Women’s Health Coverage Since the ACA: Improvements for Most, But Insurer Exclusions Put Many at Risk
By Dania Palanker (National Women’s Law Center) and Karen Davenport
The Commonwealth Fund, August 2, 2016
Issue: Since enactment of the Affordable Care Act (ACA), many more women have health insurance than before the law, in part because it prohibits insurer practices that discriminate against women. However, gaps in women’s health coverage persist. Insurers often exclude health services that women are likely to need, leaving women vulnerable to higher costs and denied claims that threaten their economic security and physical health.
Goal: To uncover the types and incidence of insurer exclusions that may disproportionately affect women’s coverage.
Method: The authors examined qualified health plans from 109 insurers across 16 states for 2014, 2015, or both years.
Key findings and conclusions: Six types of services are frequently excluded from insurance coverage: treatment of conditions resulting from noncovered services, maintenance therapy, genetic testing, fetal reduction surgery, treatment of self-inflicted conditions, and preventive services not covered by law. Policy change recommendations include prohibiting variations within states’ “essential health benefits” benchmark plans and requiring transparency and simplified language in plan documents.
Problems from lack of transparency
There is little transparency in plan documents regarding health insurance exclusions. As a result, women may unwittingly enroll in plans containing exclusions that impact their coverage, and remain unaware of the exclusions until they seek services or have a claim denied. The short overview of coverage provided for each plan on the marketplace—called the “Summary of Benefits and Coverage”—includes space for information on exclusions. However, only 13 exclusions are required to be listed, and none of the exclusions described in this brief are in that group. Identifying all exclusions requires reading the underlying plan document, such as the evidence of coverage; yet some plan documents are over 100 pages long and exclusions appear in various sections. Terminology also varies among insurers; for example, some plans exclude “maintenance therapy” and others exclude “maintenance care.” In addition, some exclusions appear among only a small number of insurers, so women cannot know all the exclusions to look for in their plans. For example, six insurers exclude services resulting from an enrollee’s failure to comply with or accept recommended treatment, which is problematic for women who are less likely than men to adhere to prescription protocols. These factors make it difficult for women to identify and compare exclusions across plans.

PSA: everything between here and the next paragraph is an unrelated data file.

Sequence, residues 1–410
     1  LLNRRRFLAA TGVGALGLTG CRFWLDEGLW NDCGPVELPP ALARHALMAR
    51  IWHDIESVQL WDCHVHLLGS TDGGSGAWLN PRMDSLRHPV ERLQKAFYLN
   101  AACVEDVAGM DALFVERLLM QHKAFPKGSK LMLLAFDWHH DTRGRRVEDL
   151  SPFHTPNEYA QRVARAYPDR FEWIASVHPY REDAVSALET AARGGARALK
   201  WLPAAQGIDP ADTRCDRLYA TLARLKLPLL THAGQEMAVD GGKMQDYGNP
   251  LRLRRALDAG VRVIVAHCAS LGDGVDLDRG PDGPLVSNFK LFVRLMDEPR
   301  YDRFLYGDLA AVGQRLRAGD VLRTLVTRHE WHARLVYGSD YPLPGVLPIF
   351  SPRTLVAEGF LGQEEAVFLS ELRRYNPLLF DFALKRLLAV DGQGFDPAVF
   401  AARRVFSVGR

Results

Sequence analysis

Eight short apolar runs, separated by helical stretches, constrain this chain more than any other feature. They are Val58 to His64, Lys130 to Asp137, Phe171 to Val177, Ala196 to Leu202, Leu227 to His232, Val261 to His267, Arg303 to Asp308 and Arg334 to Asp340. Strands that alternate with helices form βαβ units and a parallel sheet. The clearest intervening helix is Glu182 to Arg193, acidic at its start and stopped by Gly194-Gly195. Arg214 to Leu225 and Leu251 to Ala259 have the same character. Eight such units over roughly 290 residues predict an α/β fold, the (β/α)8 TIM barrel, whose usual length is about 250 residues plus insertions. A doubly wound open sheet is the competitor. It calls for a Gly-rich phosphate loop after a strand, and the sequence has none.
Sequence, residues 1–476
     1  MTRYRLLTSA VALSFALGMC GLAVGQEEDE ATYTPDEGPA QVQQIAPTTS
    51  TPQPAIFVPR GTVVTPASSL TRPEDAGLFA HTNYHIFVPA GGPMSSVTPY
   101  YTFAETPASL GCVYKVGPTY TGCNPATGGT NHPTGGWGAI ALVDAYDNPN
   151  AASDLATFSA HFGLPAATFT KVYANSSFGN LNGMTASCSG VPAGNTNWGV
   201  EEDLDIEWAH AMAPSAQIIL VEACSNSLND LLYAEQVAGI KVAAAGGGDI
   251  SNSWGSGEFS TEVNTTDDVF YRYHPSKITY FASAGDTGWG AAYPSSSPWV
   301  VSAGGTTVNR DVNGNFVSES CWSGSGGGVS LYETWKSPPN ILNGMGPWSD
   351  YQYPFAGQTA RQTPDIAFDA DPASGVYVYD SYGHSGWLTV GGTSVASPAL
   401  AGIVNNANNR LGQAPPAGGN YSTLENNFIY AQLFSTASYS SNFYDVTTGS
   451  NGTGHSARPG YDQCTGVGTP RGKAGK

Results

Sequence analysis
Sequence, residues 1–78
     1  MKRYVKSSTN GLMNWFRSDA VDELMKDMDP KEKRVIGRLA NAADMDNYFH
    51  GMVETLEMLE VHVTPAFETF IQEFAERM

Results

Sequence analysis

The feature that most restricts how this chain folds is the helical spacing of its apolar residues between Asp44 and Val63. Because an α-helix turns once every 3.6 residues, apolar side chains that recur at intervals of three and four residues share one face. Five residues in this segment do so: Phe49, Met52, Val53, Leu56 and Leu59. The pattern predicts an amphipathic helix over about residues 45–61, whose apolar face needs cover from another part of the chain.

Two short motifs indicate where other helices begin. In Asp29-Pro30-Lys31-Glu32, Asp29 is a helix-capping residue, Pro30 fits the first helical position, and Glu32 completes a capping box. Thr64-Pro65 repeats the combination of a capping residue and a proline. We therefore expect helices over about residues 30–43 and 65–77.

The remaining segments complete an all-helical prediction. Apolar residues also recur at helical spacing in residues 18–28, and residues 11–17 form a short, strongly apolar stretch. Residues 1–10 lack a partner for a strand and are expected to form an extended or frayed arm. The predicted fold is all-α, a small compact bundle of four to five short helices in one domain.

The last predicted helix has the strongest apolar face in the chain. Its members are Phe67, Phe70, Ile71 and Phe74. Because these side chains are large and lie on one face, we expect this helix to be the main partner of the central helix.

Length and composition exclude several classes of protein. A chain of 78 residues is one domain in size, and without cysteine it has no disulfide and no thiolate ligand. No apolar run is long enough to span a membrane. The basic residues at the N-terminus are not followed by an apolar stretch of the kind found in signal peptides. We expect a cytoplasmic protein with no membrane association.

By Don McCanne, M.D.
The Affordable Care Act included provisions to prohibit discrimination against women in health insurance plans. However it is in the DNA of private insurers to work around regulations in order to serve their own interests, and this is what they have done regarding discriminatory policies against women, as this study shows.
We put our health care financing in charge of individuals who are running a private business. It would be unrealistic for us to expect them to do anything other than to optimize the business opportunity for themselves.
Had we established our own public program – a single payer national health program – our public employees would have been dedicated to service – trying to make the program work in getting us the health care that we need. Further, they would have done it without all of the expense and administrative complexity that characterizes our dysfunctional multi-payer system.
Better service for less money? We can still do it.